Many Alaska married couples sign prenuptial agreements before their wedding day. Unless a pair of spouses has such a contract in place, funds either of them may have contributed to a 401(k) program during marriage are likely subject to division during property division proceedings. In such cases, a concerned spouse will want to make it a priority to learn more about 401(k) protection in a divorce.
Alaska is unique regarding property division laws. It operates under equitable property guidelines. However, spouses have the option to divide marital property in a divorce under community property guidelines if they prefer to do so.
Fair does not necessarily mean equal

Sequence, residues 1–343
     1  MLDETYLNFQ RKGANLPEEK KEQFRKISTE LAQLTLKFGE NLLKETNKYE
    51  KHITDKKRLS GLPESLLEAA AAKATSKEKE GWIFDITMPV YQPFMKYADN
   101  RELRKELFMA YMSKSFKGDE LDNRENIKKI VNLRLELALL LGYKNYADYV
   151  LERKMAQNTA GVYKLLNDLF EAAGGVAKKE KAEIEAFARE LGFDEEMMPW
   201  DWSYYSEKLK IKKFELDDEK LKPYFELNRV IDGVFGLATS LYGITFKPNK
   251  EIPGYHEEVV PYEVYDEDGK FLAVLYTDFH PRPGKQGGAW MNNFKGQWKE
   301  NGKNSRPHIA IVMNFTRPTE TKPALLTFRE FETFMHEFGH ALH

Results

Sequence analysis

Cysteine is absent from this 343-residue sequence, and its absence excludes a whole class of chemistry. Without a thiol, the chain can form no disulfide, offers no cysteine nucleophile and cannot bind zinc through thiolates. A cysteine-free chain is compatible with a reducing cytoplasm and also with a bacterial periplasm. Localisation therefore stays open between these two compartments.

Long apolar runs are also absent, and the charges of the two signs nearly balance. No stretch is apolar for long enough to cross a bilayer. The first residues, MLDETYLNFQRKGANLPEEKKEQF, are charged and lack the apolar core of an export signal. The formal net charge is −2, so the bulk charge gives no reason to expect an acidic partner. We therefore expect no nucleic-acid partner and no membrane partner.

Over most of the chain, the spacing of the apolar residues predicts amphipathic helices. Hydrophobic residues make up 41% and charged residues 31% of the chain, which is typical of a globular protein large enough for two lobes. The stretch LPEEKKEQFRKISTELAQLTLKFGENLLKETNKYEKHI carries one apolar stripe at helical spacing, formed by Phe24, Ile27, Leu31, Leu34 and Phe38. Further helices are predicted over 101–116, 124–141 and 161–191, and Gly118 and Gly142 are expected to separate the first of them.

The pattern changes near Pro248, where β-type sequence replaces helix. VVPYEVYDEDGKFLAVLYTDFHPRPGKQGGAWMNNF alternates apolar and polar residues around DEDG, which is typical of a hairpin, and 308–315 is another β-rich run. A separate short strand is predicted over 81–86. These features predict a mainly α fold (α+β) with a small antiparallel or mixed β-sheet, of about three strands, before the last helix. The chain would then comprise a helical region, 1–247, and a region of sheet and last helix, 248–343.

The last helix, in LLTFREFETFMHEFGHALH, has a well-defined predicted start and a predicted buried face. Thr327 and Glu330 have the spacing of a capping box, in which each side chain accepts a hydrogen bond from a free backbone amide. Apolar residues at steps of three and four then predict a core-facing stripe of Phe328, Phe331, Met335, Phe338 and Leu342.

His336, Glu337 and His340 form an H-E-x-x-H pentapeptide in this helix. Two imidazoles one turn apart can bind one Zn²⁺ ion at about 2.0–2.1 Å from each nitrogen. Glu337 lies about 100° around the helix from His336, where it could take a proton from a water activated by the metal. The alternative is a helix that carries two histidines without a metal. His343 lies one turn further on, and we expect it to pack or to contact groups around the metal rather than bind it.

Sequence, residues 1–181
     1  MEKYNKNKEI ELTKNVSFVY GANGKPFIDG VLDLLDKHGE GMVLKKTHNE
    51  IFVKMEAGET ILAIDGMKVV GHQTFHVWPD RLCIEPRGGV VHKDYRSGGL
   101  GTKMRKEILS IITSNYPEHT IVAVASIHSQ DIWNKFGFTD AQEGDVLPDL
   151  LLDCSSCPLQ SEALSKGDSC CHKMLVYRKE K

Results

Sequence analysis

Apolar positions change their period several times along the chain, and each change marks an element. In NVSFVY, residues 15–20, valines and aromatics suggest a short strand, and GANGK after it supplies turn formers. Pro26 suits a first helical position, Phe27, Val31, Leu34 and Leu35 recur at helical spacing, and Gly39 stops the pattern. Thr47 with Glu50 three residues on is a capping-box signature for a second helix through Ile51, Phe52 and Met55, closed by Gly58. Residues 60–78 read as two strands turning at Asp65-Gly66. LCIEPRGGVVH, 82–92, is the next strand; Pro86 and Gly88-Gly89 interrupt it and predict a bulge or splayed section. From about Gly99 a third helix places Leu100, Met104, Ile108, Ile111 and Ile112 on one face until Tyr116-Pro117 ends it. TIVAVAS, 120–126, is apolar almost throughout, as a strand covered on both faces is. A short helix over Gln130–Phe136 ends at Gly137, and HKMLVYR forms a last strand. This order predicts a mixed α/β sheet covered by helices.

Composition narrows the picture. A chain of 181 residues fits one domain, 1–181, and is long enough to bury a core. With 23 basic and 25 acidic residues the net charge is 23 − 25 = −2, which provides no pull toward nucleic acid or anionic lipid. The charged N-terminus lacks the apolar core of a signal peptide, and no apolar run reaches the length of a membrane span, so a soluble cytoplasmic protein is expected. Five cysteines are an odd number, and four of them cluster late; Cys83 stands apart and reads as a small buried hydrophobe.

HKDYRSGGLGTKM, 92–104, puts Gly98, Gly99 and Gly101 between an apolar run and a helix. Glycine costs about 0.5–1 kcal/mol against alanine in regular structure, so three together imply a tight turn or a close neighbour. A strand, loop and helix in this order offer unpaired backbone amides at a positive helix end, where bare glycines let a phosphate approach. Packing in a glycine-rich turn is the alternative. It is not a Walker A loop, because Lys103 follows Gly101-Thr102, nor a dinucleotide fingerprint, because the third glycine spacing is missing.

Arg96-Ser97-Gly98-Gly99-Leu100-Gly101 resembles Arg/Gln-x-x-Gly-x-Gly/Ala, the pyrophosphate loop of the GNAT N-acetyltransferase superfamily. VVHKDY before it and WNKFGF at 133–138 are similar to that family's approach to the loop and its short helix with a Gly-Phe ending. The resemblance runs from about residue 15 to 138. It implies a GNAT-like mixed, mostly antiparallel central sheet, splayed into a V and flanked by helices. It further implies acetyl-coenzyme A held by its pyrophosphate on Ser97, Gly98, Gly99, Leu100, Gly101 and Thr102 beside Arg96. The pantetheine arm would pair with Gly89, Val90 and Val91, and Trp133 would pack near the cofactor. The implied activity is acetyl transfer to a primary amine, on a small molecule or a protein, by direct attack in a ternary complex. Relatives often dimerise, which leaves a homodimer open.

Under equitable property guidelines, the judge overseeing your divorce will determine a fair division of marital property, which does not necessarily mean a 50/50 split. If one spouse has a retirement account worth a similar amount to the other’s 401(k), it might be possible for spouses to simply retain the assets in their individual accounts, instead of sharing. Also, in some circumstances, a spouse may be able to obtain a Qualified Domestic Relations Order (QDRO) in order to cash out on a 401(k) without penalty for early withdrawal; many people do this when they need funds for a downpayment on a new home or other divorce-related financial needs.
Achieving a fair settlement is the primary goal
The main goal of property division proceedings in an Alaska divorce is to split assets and liabilities in a way that is fair to both parties. Some cases can be complex, such as those involving a business or children or other problems, such as a suspected hidden asset scheme. In any case, it is helpful to seek legal support in order to protect one’s assets and to make sure that an equitable division of marital property takes place.